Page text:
Jus’ Cruzin’ With Uncle Led

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One of the most innovative and accomplished musicians in Hawaiian music history is Ledward Ka`apana.  Starting with the group Hui Ohana in 1972, Uncle Led set a new standard for what sounds were possible within the realm of Hawaiian music.  His electric guitar playing with added reverb was new and exciting.  He was never afraid to push the boundaries, or HO`ANALU, of what was being done with slack key guitar.  He was by no means the first to play an electric guitar in a slack key tuning, but his extensive use of it and explorations of the outer realms of creative possibility was revolutionary.  Along with his twin brother Nedward on bass (another post solely about his bass playing is due) and falsetto vocalist Dennis Pavao, Hui Ohana was a Hawaiian power trio.  Exploding on the scene in Waikiki in the 70s these Big Island boys from Kalapana set a standard of musicianship and execution unmatched by anyone other than the all time greats the Sons of Hawai`i.  The group disbanded in 1978 when Dennis Pavao decided to pursue a solo career.  Led continued on, forming the group I Kona.  The group did reunite in 1987 to record the album “Hui Ohana”

Over the next 30 or so years Ledward has established himself as THE master of slack key.  Comfortable in any tuning, including standard, and with his emotional and well crafted falsetto voice, Uncle Led is a master musician in any culture, any musical environment, any where, any time.  Chet Atkins himself called him the greatest guitarist he ever saw or heard.  Go take a listen for yourself.  His albums are numerous and readily available.  While some of his work from Hui Ohana and I Kona are out of print, much is available on iTunes, as are his solo albums.  Especially notable is “Waltz of the Wind” which he recorded in Nashville.  It’s Hawaiian music with a bit of country, featuring guest artists like Alison Krauss, Jerry Douglas, Ricky Skaggs and Bob Brozman to name a few.

Which brings me to his most recent piece of work “Jus’ Cruzin'”  Always willing to innovate, and go beyond what is known, ready to take risks, to push what we know of Hawaiian music, Uncle Led embodies the concept of HO`ANALU.  Which makes sense as the Hawaiian teacher who brought the term HO`ANALU to light for me also worked with Led to come up with his phrase “Jus Press.”  This album is a collection of traditional Hawaiian tunes recorded on the autoharp.  The autoharp is a stringed instrument with 36 strings that is played by strumming the strings with one hand and pressing a series of buttons with the other that depress and mute certain strings to create chords.  It is a fascinating instrument that is most often played in folk and bluegrass music.  It was used extensively by the Carter Family and can be heard in many of their recordings.  To say it is rarely heard in the world of Hawaiian music would be an understatement.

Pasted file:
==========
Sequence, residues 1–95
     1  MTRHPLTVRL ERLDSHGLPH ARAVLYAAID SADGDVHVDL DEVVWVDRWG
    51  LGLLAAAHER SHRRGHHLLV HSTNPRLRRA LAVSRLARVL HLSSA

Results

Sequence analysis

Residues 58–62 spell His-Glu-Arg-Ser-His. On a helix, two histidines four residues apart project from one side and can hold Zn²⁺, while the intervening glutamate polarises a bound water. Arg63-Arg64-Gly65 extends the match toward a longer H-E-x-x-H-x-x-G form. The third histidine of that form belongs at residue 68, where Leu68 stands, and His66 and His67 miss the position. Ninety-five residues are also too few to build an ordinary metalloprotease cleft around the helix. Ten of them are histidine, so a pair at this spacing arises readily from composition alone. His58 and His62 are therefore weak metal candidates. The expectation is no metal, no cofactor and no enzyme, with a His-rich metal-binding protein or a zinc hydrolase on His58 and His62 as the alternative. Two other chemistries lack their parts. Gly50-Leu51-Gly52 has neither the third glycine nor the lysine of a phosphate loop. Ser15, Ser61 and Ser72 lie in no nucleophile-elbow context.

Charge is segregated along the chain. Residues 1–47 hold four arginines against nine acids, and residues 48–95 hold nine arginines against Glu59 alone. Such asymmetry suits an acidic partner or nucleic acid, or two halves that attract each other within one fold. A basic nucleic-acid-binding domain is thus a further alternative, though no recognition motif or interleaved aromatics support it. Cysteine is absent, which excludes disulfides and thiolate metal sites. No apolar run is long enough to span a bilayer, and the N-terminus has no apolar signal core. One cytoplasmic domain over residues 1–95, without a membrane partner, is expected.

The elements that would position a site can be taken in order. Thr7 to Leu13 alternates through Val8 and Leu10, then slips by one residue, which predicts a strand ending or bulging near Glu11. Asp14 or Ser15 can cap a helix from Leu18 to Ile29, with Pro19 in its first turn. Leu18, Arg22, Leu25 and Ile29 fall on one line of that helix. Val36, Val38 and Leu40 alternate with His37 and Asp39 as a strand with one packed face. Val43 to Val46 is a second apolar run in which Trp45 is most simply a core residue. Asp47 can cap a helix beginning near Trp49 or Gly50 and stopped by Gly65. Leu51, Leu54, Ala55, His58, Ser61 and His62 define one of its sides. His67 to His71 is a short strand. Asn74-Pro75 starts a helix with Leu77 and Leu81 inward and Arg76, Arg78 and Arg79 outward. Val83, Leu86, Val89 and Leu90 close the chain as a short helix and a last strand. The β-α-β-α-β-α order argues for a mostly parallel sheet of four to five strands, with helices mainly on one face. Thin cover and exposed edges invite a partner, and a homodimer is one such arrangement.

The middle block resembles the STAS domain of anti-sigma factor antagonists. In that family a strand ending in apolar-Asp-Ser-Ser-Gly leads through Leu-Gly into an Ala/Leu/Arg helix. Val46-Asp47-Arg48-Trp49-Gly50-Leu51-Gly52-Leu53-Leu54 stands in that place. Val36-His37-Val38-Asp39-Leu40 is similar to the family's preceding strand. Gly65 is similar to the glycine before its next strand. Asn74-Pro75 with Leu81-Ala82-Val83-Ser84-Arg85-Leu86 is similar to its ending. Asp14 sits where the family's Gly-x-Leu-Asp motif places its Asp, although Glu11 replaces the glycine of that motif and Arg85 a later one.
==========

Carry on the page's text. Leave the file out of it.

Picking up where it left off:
The fact that Led decided to record an album with this instrument is in line with who he is.  He is not afraid to play what he feels, to let the sounds come out of him as they may, unabashed by fear or prejudice.  He has one foot so firmly placed in the past that he can stretch it forward as he may.  When he plays “Sanoe” it sounds like it was composed on the autoharp.  When you hear “Kanaka Waiwai” you think “how did this song exist before the autoharp?”  No matter who or how Hawaiian music is recorded or with what instrument, anyone could tell you the only true requirement is how it FEELS.  It has to feel right.  It doesn’t matter the tuning, the microphone, who produced it, what custom koa guitar you use or how many Grammys it was nominated for, it has to feel right.  And that is something that can’t be taught or transferred without time and conscience understanding.  It comes from within.  There has to be that something inside your heart that you want to transfer through your music.  Without that it is just notes on a guitar or an ukulele or an autoharp for that matter.

I went to see Led play once at the Royal Hawaiian Hotel in Waikiki.  Between songs I went up to put some money in the jar.  He said mahalo and asked me where I am from.  I told him I am from Waimea.  He immediately says, “Oh, you one paniolo then eh.  You play music?”  I said “Sure I play a little.”  He asked if I would like to play something on his ukulele and he would back me up.  It was a transcendent moment.  Uncle Ledward Ka`apana the great slack key guitarist asking me, a little haole boy from Waimea by way of Honaunau to play a song with him.  To say I jumped at the opportunity would be an understatement.  I decided to play “Kaula `Ili” to pay homage to my Waimea roots.  I asked him to sing the added O`ahu verse to create a connection between my journey from the Big Island to O`ahu.

It was so magical.  This was early in my development as a musician and player of Hawaiian music.  To be able to stand on stage with the great master and share and play told me I was blessed with something special from Ke Akua.  That I must nurture and share this great gift the world.  I was grateful and humbled to have the experience.  The moment was HO`ANALU in action.  I was lifted beyond the boundaries of what I thought I was capable of and blasted into a new dimension of what was possible.  And to this day, whenever I see Uncle Led he always says to me, “Eh, the paniolo from Waimea!”

I love that man.  Take a listen.  Get to know his music.  Listen to his playing of the autoharp and imagine.  How can I HO`ANALU?  What can I do in my life to go beyond the boundaries of what is known?

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